How to Dry Corn Husks

Photo of author

By: Rachae's Nosheri


Before using corn husks in any Mexican cuisine requiring them, such as making tamales, mole sauce or other dishes that require corn husks for wrapping, it is vitally important that they are thoroughly washed and dried prior to use in order to prevent mold, mildew or other foul-tasting mold from spoiling the meal. Doing this will also keep mold, mildew or other undesirable flavors from spoiling its taste in your dish.

Select fresh, mature ears of corn that feature vibrant green husks with tassels that are soft or black in color; these should be avoided to ensure maximum quality and flavor.


Corn husks are an affordable, easily available material perfect for crafting fun projects of all kinds. Use them in art, food and home improvement; wash and dry them to control mildew growth or soften before crafting dolls out of them; typically farmers eat their harvested corn immediately after harvesting it and leave its husks scattered across fields for you to pick up (provided you have permission).

To air-dry husks for craft purposes, spread them out on a flat surface in direct sunlight until they have completely dried out. Be sure to move them frequently to prevent mold or rot from developing, and bring indoors if it rains heavily; when finished drying they should become light brown and brittle after three or more days of exposure.

Oven drying of husks requires care to avoid overheating them. In order to do so safely, first clean and soak the husks, before placing them on a rack in one layer with space between each to promote air circulation and avoid scorched or soggy husks. Also important: checking them frequently so as to avoid burning or becoming soggy husks!

Once your husks have dried completely, they should be stored in either a plastic or glass container to protect from moisture buildup and prevent your husks becoming soft and unusable. Avoid keeping them near refrigerators to avoid sudden moisture changes that might make your husks sticky or crumbly! Keeping them there could lead to them disintegrating over time into an unpleasant mess of mushed-up grains!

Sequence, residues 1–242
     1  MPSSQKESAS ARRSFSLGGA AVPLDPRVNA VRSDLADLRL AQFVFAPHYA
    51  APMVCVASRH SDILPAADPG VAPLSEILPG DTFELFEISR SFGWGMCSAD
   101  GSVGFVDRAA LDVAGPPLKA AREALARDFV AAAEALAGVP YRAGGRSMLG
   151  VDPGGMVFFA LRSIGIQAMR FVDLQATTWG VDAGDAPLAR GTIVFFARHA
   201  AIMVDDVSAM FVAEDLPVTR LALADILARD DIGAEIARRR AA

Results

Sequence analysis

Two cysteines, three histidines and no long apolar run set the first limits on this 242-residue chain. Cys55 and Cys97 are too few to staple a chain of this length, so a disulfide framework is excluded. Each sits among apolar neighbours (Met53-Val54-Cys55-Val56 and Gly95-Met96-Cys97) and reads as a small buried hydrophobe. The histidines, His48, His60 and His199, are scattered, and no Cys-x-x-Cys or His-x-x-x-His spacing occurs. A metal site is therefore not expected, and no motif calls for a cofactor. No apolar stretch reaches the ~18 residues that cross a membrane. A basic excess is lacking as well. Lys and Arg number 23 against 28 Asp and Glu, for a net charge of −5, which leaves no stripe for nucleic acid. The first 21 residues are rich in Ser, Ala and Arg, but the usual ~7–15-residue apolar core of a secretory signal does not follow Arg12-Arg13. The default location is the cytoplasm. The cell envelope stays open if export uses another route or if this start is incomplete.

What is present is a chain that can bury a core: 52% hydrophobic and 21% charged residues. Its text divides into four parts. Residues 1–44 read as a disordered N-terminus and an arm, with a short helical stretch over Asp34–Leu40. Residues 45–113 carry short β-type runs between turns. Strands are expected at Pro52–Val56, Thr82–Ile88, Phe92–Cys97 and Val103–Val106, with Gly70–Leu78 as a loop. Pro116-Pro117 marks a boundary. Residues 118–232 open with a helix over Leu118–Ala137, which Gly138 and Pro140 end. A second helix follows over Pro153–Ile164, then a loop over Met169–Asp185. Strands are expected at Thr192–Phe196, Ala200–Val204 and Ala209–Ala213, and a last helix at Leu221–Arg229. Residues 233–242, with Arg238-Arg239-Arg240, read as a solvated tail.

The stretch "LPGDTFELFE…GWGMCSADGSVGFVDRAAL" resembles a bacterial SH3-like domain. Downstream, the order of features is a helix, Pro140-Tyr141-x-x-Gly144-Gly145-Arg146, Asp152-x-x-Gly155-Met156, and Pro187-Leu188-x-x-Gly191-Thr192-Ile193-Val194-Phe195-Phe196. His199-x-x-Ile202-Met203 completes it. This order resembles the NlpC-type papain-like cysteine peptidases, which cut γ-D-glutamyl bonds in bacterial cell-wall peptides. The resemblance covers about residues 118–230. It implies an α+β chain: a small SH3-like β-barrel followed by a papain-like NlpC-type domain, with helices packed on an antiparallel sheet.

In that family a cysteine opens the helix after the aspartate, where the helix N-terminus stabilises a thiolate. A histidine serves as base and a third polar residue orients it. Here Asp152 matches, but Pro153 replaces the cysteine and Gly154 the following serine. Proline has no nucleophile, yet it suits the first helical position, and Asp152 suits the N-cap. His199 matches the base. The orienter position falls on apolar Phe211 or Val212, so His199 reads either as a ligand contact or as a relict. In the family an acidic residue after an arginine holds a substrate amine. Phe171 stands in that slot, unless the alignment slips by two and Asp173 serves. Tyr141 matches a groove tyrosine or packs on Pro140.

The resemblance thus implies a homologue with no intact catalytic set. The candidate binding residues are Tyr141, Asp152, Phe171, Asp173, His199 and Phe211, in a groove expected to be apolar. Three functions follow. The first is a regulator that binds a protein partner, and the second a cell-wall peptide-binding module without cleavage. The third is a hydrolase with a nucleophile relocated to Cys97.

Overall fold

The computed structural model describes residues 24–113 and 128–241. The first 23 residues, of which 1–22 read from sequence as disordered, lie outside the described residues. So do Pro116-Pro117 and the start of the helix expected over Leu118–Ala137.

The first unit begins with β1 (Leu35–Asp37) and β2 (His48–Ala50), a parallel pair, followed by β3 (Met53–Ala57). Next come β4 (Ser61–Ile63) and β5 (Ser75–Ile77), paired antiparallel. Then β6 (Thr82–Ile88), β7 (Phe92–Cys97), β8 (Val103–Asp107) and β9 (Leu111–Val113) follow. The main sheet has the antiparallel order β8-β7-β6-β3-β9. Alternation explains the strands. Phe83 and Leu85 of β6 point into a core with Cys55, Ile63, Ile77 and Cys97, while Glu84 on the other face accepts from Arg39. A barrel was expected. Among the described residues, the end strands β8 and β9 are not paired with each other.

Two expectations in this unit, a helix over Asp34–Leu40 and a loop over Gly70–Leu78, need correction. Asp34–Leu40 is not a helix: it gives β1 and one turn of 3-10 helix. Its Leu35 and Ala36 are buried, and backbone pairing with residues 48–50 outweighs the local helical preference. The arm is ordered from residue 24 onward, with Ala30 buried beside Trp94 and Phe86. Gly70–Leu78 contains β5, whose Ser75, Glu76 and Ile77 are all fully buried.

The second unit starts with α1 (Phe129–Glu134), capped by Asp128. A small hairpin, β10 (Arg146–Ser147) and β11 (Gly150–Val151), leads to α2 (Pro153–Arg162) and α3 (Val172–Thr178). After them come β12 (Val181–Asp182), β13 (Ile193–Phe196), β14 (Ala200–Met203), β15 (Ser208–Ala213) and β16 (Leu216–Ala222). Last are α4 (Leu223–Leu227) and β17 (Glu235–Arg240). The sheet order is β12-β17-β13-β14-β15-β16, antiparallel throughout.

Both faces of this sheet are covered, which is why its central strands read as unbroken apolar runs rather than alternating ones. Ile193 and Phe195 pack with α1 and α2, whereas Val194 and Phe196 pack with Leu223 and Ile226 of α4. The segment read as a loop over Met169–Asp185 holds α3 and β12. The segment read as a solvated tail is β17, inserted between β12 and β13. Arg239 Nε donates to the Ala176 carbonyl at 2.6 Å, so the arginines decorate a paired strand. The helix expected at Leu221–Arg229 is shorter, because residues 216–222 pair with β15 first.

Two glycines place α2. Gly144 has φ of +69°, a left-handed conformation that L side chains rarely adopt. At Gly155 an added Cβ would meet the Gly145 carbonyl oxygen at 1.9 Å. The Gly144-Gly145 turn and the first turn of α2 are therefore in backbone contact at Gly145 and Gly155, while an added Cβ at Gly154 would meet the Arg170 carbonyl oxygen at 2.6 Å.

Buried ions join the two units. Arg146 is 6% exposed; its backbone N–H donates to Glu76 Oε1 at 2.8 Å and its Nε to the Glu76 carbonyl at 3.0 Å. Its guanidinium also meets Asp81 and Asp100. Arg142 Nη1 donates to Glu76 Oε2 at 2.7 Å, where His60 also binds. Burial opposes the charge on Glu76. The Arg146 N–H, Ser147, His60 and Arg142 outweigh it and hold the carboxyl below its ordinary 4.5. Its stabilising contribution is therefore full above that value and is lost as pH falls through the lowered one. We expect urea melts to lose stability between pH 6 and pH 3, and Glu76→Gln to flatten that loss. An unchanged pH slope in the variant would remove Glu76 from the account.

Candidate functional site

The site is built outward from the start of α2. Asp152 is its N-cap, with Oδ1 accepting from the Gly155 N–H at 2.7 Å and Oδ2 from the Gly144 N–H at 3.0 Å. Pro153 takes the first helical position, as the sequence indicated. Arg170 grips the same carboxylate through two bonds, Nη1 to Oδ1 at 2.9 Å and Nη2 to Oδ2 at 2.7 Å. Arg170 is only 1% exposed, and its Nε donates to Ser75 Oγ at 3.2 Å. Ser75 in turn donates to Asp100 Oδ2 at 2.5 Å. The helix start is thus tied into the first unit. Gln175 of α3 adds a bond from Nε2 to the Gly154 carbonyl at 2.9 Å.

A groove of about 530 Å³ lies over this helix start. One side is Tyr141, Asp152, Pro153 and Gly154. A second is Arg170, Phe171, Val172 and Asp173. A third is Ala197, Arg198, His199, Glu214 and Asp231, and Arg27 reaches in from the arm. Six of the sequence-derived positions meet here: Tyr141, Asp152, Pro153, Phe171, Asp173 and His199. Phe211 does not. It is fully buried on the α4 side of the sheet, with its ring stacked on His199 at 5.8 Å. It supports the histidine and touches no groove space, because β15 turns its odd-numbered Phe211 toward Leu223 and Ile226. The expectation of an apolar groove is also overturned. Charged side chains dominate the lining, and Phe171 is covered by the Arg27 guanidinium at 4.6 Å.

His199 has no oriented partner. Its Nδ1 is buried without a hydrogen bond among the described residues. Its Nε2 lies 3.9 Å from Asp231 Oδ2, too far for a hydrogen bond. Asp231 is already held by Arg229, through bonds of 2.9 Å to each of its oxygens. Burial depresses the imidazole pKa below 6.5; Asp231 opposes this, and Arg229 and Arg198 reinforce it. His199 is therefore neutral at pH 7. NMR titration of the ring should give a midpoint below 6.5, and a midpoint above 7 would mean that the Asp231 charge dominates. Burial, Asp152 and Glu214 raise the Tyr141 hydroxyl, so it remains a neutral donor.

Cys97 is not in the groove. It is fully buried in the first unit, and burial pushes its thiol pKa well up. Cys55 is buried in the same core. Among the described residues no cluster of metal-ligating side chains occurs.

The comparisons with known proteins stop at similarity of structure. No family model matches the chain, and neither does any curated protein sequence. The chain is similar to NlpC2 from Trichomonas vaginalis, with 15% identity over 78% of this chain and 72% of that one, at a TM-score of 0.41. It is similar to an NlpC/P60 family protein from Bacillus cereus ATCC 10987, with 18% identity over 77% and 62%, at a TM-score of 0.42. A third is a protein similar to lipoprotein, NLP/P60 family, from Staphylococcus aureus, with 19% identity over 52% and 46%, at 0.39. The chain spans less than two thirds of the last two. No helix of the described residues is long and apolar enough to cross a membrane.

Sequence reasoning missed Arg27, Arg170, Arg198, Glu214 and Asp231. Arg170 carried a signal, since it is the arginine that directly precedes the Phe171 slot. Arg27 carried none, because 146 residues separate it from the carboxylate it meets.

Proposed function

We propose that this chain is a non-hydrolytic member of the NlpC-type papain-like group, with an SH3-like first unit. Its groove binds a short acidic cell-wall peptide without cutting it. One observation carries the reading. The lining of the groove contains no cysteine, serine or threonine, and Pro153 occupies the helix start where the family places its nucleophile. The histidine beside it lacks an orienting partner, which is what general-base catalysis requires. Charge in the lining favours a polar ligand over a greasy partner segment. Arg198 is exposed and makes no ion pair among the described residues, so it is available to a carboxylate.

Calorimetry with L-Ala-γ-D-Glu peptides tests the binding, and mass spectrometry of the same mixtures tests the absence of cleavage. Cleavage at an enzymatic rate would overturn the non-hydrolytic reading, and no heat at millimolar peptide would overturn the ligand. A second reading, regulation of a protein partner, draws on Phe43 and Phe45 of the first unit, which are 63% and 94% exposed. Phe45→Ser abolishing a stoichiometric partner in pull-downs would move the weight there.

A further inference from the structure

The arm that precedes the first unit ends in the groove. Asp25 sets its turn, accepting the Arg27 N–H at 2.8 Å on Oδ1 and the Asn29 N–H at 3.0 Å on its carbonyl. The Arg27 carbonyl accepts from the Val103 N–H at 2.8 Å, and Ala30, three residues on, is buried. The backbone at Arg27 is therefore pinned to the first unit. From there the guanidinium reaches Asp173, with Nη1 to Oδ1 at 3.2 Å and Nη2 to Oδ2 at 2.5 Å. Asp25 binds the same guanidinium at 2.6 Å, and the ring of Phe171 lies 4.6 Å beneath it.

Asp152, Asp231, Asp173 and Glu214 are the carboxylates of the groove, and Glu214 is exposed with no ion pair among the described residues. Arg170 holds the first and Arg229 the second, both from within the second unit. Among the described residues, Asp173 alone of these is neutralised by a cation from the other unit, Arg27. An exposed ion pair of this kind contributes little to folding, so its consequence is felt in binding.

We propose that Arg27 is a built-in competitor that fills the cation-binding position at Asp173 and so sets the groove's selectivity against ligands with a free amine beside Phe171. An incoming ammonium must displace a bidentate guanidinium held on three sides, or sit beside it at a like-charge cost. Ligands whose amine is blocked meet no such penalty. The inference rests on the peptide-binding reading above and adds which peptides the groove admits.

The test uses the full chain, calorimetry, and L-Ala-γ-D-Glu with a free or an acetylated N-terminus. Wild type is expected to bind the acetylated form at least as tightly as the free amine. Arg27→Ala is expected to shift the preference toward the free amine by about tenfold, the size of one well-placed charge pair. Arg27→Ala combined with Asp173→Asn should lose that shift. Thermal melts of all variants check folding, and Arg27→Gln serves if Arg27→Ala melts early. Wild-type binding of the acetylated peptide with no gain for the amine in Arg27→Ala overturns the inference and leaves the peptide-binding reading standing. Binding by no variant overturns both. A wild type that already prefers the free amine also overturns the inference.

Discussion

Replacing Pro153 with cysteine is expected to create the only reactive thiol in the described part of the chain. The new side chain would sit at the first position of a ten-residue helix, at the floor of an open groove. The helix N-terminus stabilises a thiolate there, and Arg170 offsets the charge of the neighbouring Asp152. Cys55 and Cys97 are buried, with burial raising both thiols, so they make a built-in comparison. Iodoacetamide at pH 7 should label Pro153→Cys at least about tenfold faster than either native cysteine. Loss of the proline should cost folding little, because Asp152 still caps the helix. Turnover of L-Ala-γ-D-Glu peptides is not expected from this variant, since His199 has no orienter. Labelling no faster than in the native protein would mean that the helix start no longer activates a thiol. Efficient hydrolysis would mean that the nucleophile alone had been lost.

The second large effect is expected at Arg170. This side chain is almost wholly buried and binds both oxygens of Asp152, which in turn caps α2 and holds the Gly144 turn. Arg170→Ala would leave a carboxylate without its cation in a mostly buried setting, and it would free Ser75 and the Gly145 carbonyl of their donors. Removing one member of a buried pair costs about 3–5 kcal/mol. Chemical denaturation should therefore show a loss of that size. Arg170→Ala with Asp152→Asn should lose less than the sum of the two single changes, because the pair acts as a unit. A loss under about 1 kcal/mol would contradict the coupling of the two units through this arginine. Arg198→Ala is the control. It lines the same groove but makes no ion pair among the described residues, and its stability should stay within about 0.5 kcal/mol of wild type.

Dehydrators offer another method for preserving corn husks. This efficient solution takes only hours to complete. To prepare the husks for dehydration, remove them from the cob and discard silks before peeling. To speed up this process further, microwave cobs for 30 seconds-1 minute prior to peeling for extra drying power. Upon readying them for use again, heat some food-grade dyed water for about 30 minutes and dip the corn husks – this will not only dye them but make them pliable enough for folding flowers or crafts projects!


Many farmers dispose of corn husks after harvesting and the farmer’s market can be an excellent place to collect them for free (with permission, of course). When collecting your free corn husks, ensure they are thoroughly cleaned to remove dirt or debris before sorting through them to look out for any black spots which could indicate mold or rot and selecting ones with firm texture that have not ripped.

Soak your husks for 30 minutes in warm water to soften them up, before shaking off any excess moisture with a towel and patting dry. Next, lay them out to dry on a warm and sunny surface for at least a week – you will know they are finished when pressing against them does not make a dent.

If you need your husks quickly, oven drying may be your answer. This fast method works especially well when preserving delicate foods like fish and vegetables. Preheat the oven to 140 degrees Fahrenheit before laying your husks out on baking trays in one layer for eight hours of drying time, switching over at least halfway through.

Food grade sterilizing solutions can be useful for preserving husks for food use by killing any bacteria that may be on them, while creating fragile, brittle materials suitable for craft projects.